There were still boats on Quidi Vidi Lake on Wednesday even with the Regatta being pushed back a day because of strong winds.
Able Sail NL, a program created in 2018 with the idea of making sailing accessible to anyone with physical or mental disabilities, took advantage of the weather and set sail with the lake all to its own.
"Able Sail just gives freedom," said sailor Hayley Redmond who has been involved with the program for the last three years.
"Freedom, excitement, and enjoyment and independence, which is something that we all strive for."
Redmond, who is a wheelchair user, told CBC News she has been sailing competitively for five years, including trips to the Mobility Cup — a Canadian national championship in sailing for people with disabilities. She's hoping to get to the Canada Games in 2022.
The boats — the Martin 16 — are adapted with a heavy keel at the bottom, so that they cannot tip over, said Redmond.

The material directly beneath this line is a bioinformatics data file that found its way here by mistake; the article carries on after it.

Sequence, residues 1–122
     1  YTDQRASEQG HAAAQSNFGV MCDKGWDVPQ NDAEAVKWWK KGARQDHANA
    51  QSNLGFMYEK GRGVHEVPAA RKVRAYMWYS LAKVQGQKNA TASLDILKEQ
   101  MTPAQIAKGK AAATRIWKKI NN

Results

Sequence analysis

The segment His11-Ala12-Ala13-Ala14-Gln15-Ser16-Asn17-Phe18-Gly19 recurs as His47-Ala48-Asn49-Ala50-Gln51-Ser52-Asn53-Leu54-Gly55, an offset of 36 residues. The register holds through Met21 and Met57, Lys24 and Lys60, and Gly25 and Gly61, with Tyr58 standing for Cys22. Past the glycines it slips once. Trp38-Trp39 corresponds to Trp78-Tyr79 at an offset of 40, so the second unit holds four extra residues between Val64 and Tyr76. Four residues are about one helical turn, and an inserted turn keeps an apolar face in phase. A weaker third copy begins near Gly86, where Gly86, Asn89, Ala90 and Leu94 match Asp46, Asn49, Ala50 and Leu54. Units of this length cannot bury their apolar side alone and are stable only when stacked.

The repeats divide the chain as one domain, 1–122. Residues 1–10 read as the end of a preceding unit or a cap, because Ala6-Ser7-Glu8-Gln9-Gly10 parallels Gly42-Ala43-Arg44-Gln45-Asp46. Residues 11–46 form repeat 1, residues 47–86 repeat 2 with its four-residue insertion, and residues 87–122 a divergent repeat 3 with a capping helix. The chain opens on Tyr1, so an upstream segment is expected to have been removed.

"Which makes it safer for athletes to head out on the water and give it a try," she said.
They're also equipped with adjustable seats to allow for different postures, a steering system which uses pulleys so it's easier on the sailor, and a pulley system for the sails which takes less effort to pull sails in and out. The group is also working on a electronic system where each movement of the boat will be operated at the push of a button.
Matt Debicki, president of Able Sail NL, told CBC News the plan was to have the program demonstrated during breaks between Regatta Races on Wednesday. But the delayed start to the annual races didn't stop them from hitting the water anyway.
"That's one of the things that we're building with the Regatta group. The Quidi Vidi Regatta group actually has got an MOU with us," Debicki said.
"They've opened up their clubhouse with welcomed arms for us to come and sail when they're not rowing. One of the things we're building on is we love sailing when it's windy, they don't like to row when it's windy. So it makes a really great partnership."
Debicki said Newfoundland and Labrador's aging infrastructure makes it difficult to provide accessible programming. He said sailing removes barriers for people with disabilities.
"All we have to do is get them on a boat and all of a sudden barriers disappear. They get to sail and have fun just like everyone else," he said.
"And for a little while, at least, mobility issues and stuff like that don't cause a problem."